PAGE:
Inference on the Mechanism of Retention by Force Field Calculations

Here, we discuss the mechanism of retention in polysaccharide-based chiral stationary phases (CSPs) from the results of molecular force field calculations. A table of the retention factors of phenanthrene (1), anthrecene (2), triphenylene (3), and tetracene (4) is shown below.


<Comparison of Retention>

1 2 3 4
ODS 6.14 6.79 11.3 15.72
OB-H 1.16 1.18 2.01 7.00
OJ-H 5.29 6.96 3.99 52.60
OD-H 1.30 0.69 28.45 1.93
AD-H 0.41 0.43 0.86 2.08

※Numerical values in the table are retention factors K'.


The table shows that some compounds are specifically and strongly retained on polysaccharide-based CSPs when compared to the ODS-type column.
In particular, CHIRALCEL® OJ-H retained tetracene (4) very strongly compared to triphenylene (3), which isn't retained much at all. This prompted us to examine this phenomena more closely. Professor Ichiyoshi Ueda of Yokohama National University analyzed the separation mechanism of tetracene and triphenylene by CHIRALCEL® OJ-H using molecular force field calculations. (Carbohydrate Research 439, p.35-432017).
The recognition site of CHIRALCEL® OJ-H is presumed to be the polymer structure as shown in Figure 1. When tetracene passes along the polymer structure, the most stable location places it within the gaps of the polymer structure as shown in Figure 2. This gap, which is represented by the white circle in Figure 1, is deeper than it might first appear. It forms a corridor-like structure that has a floor composed of glucose and benzene rings from the polysaccharide backbone, and walls composed of benzene rings from the chiral selectors. This allows for the elongated, more linear tetracene to better fit in this gap without distortion of the polymer. Triphenylene will attempt to enter this same gap. However, because triphenylene is bulkier, the polymer needs to distort from it more stable confirmation to accommodate the structure, as shown in Figure 3. This distortion changes the interaction energies of triphenylene roughly 1 kcal lower than that for tetracene. This lower energy results in a weaker interaction, thus a shorter retention time. In other words, there are molecules that can be more easily accommodated into the interaction space of the polymer and molecules that cannot be as easily accommodated into the interaction space. This is believed to contribute to the difference in retention.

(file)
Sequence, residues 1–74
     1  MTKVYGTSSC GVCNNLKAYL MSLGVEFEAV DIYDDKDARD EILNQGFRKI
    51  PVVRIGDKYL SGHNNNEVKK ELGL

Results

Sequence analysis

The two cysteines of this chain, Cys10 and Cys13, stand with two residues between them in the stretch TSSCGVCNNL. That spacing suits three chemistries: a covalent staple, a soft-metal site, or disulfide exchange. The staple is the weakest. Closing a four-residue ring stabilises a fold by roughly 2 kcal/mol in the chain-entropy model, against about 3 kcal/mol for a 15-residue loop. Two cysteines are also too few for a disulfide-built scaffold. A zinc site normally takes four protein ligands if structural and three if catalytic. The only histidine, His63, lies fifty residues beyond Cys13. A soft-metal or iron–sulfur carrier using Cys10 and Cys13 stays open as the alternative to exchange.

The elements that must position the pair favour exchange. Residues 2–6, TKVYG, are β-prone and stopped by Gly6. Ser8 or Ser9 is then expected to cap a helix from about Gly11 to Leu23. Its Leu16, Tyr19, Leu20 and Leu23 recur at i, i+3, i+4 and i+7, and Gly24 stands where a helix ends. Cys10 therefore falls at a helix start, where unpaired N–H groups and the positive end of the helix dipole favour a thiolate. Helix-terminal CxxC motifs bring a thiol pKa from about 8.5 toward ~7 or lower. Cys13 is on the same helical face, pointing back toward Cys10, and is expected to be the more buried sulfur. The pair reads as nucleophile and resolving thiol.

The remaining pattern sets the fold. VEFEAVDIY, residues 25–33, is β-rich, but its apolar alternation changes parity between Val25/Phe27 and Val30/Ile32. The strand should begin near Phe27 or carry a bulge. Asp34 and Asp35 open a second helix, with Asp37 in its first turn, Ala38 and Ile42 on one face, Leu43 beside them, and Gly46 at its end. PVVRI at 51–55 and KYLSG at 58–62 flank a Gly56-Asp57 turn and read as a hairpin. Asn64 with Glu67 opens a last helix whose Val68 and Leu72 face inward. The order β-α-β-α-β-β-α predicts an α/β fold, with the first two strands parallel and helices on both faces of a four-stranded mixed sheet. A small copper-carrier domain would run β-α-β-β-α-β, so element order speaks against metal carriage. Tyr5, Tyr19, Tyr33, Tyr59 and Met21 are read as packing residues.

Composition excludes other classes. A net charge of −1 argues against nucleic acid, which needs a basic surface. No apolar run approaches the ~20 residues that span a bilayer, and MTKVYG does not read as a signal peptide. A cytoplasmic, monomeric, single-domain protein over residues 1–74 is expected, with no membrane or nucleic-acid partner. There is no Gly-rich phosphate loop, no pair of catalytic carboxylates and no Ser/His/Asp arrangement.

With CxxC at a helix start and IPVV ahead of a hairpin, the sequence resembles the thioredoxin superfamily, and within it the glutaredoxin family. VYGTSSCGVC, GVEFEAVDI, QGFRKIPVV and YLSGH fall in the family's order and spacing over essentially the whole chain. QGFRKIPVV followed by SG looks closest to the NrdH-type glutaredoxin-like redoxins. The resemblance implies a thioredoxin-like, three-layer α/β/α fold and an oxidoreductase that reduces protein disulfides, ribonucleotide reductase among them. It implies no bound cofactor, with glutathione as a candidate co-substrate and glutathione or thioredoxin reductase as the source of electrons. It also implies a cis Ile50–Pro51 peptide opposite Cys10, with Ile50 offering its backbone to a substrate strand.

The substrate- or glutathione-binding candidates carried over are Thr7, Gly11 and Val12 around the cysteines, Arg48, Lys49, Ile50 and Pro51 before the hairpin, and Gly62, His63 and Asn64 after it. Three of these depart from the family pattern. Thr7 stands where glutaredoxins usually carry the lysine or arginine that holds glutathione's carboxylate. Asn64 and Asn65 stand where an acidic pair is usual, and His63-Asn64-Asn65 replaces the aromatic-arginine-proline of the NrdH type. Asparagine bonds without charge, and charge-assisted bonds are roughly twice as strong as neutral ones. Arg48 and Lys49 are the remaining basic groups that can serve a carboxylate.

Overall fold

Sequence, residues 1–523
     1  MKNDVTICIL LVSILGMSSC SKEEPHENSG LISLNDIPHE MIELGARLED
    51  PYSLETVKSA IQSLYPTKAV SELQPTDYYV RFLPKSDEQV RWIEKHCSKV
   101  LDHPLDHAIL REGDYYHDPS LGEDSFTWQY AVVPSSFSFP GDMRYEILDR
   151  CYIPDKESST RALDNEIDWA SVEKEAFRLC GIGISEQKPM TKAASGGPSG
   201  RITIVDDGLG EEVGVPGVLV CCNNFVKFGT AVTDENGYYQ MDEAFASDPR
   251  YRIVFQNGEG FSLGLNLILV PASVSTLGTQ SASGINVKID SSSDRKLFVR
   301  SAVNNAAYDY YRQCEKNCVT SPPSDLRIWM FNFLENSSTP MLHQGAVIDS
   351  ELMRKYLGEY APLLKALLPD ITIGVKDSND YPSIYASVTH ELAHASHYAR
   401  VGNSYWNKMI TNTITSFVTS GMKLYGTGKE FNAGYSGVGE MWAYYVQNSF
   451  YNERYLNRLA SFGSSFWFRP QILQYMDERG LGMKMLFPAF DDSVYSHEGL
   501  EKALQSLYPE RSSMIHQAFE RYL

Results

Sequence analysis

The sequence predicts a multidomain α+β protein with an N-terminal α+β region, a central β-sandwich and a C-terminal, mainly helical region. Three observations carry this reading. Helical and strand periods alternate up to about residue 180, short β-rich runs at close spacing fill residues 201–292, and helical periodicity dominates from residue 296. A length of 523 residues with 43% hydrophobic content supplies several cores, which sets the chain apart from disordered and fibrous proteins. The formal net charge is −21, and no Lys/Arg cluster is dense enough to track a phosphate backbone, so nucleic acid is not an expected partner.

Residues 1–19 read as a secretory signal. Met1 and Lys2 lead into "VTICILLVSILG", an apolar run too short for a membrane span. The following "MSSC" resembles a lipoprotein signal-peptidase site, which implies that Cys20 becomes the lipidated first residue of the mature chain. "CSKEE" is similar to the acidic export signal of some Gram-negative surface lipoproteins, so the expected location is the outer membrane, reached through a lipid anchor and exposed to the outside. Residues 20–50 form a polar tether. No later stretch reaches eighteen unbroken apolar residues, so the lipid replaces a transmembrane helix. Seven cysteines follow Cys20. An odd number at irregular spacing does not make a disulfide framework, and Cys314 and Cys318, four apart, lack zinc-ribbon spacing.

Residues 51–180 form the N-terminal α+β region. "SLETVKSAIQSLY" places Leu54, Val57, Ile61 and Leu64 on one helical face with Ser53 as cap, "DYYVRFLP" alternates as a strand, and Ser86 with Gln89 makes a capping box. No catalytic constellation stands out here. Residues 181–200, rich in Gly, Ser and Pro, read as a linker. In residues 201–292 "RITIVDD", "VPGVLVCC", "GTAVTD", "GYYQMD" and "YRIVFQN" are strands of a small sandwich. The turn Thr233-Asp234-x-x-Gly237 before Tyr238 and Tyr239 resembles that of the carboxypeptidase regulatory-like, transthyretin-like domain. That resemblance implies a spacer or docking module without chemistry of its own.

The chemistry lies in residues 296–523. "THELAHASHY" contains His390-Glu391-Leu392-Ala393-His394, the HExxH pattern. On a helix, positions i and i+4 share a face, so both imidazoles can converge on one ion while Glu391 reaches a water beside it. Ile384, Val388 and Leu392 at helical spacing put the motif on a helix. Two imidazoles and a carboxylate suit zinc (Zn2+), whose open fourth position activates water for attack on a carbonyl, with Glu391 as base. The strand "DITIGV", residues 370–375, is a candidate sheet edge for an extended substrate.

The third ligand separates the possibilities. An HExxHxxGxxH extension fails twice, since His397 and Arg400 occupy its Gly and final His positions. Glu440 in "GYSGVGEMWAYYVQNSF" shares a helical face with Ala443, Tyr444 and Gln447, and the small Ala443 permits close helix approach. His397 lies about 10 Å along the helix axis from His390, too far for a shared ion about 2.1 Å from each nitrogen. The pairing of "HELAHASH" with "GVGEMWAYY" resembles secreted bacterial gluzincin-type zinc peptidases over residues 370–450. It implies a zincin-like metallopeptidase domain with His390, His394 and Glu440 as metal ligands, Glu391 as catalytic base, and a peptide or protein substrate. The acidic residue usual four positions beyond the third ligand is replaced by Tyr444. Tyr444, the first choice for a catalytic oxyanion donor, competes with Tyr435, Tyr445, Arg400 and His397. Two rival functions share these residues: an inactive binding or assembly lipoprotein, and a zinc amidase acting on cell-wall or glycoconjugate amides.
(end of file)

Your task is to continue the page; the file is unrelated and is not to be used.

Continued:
<Yokohama National University Ueda laboratory>


※Abbreviations in the page

Column name Abbreviations in the page

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